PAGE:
South East manufacturing put in spotlight by Lloyds regional director Wicks
Manufacturing is an often overlooked part of the economic picture in the South East yet plays a role, with many businesses investing for future growth.
Ahead of this year's National Manufacturing Day on September 28, Becci Wicks, the region's regional director for Lloyds bank, has taken a look at the dynamics of the sector in the south east.
Despite it only accounting for 4.3% of the region’s total output, according to the Make UK and BDO Regional Manufacturing Outlook report, the South East is one of the few areas in the UK that has retained "pandemic-style" level of demand that far outstrips supply," noted Wicks.
"This is the best problem for our manufacturers to have and means growth is up for grabs.
"Indeed, food & drink producers are the most prominent manufacturers in the South East, and the latest Lloyds Bank UK Sector Tracker finds that it’s one of only three sectors that saw output expand in August.
"The South East can, therefore, tap into growth opportunities that other regions can’t," she added.
Wicks highlighted Berkshire model-making business Atom Ltd, which recently acquired and refurbished a new 6,000 sq ft design and production space to meet growing demand for its models.
The firm now expects turnover to grown by 10% over the next 12 months.
Wicks also cited Surrey’s Cavan Bakery, which produces 40 different types of bread each day and 30 different pastries, used a move into a purpose-built baking facility to invest in new machinery.
It can now house larger, more efficient ovens, helping to reduce its energy usage and is also exploring electrifying its fleet of delivery vehicles, after recently investing in its first electric delivery van.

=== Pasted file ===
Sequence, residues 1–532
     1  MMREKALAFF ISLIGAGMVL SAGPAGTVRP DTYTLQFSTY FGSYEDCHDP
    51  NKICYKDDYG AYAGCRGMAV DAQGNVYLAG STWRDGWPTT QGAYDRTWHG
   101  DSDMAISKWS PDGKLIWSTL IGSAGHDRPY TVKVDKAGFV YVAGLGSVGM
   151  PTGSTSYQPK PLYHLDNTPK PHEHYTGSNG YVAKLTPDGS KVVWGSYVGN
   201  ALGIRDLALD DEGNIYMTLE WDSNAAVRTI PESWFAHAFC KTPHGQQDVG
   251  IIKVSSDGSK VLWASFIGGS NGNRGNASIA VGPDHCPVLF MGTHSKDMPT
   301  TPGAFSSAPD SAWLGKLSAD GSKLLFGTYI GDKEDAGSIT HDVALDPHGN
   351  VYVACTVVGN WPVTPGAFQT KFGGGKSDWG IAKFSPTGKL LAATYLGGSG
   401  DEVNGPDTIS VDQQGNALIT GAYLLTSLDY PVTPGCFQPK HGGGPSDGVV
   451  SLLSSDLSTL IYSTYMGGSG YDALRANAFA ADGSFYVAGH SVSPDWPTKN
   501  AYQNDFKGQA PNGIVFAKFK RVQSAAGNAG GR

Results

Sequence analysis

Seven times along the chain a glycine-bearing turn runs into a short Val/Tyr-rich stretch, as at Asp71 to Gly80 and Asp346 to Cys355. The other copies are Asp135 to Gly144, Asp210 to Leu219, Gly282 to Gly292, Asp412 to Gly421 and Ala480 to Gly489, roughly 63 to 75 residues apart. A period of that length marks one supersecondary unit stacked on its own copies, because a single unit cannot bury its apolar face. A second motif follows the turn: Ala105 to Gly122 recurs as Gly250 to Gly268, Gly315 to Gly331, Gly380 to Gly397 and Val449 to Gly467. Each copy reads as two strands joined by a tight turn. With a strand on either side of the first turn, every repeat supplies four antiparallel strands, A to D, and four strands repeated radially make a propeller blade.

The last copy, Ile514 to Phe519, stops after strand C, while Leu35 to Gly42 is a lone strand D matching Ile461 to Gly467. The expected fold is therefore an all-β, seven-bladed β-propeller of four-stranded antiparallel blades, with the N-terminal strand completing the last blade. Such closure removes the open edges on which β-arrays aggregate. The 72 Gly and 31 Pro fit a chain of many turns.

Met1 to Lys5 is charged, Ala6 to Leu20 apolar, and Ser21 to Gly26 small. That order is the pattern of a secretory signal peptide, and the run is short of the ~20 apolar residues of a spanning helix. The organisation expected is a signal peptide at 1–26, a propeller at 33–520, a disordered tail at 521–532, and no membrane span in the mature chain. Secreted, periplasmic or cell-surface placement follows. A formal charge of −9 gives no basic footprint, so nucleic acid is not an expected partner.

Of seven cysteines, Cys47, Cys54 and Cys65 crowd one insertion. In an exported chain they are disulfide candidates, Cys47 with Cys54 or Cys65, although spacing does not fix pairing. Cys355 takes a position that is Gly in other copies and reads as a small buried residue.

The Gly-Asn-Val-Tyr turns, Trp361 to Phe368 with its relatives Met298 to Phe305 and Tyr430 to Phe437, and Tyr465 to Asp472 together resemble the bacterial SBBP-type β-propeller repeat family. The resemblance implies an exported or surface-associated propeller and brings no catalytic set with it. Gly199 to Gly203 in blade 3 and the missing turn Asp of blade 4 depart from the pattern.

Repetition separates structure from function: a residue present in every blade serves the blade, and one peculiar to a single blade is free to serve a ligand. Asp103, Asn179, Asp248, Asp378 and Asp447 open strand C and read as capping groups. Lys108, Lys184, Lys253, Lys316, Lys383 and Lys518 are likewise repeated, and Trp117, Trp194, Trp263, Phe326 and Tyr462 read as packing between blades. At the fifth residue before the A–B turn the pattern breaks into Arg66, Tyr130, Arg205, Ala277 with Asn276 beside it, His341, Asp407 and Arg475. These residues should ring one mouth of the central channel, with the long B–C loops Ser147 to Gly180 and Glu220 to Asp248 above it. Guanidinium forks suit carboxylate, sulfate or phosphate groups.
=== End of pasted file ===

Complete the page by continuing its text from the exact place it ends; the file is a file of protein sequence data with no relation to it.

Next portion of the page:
However, a shortage of skilled workers is an issue for many manufacturers, holding them back from achieving their full potential, and we have a history of underinvestment, particularly among SMEs, said Wickes.
Manufacturers in the region added 3,000 staff to their workforces last year, which, while positive, still is lagged behind the rest of the UK.
She noted that Lloyds has backed the Manufacturing Technology Centre since 2015 and sponsors the centre to the tune of a million pounds a year and is committed to continuing that until at least the end of 2029.
There are currently 146 different training courses on offer at the facility from automation and robotics to additive manufacturing.
"I’m also pleased to report that it is helping build a more diverse manufacturing sector, which is a big opportunity for an industry where the proportion of women in the workforce has languished at around one in four of its workforce for the last 20 years," she added.
"We need to encourage more women and girls into the sector as well as recruiting from as wide a talent pool as possible, including Black, Asian and Minority Ethnic communities."